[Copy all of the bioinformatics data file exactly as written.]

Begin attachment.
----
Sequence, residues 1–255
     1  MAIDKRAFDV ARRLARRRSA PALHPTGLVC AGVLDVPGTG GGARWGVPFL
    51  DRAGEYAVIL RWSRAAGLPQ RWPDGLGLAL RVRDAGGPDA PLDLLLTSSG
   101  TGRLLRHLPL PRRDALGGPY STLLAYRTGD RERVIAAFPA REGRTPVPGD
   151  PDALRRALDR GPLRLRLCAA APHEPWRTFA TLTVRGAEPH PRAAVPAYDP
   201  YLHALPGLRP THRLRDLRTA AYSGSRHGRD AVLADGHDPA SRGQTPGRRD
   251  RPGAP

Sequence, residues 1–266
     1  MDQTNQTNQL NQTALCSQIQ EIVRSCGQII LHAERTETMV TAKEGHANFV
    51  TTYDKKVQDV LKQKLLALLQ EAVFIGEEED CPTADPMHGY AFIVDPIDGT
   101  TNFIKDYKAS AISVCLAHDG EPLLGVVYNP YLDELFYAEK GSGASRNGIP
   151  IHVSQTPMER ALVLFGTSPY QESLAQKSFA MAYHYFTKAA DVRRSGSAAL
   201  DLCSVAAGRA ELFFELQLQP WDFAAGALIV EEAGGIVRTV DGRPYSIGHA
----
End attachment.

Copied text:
Sequence, residues 1–255
     1  MAIDKRAFDV ARRLARRRSA PALHPTGLVC AGVLDVPGTG GGARWGVPFL
    51  DRAGEYAVIL RWSRAAGLPQ RWPDGLGLAL RVRDAGGPDA PLDLLLTSSG
   101  TGRLLRHLPL PRRDALGGPY STLLAYRTGD RERVIAAFPA REGRTPVPGD
   151  PDALRRALDR GPLRLRLCAA APHEPWRTFA TLTVRGAEPH PRAAVPAYDP
   201  YLHALPGLRP THRLRDLRTA AYSGSRHGRD AVLADGHDPA SRGQTPGRRD
   251  RPGAP

Sequence, residues 1–266
     1  MDQTNQTNQL NQTALCSQIQ EIVRSCGQII LHAERTETMV TAKEGHANFV
    51  TTYDKKVQDV LKQKLLALLQ EAVFIGEEED CPTADPMHGY AFIVDPIDGT
   101  TNFIKDYKAS AISVCLAHDG EPLLGVVYNP YLDELFYAEK GSGASRNGIP
   151  IHVSQTPMER ALVLFGTSPY QESLAQKSFA MAYHYFTKAA DVRRSGSAAL
   201  DLCSVAAGRA ELFFELQLQP WDFAAGALIV EEAGGIVRTV DGRPYSIGHA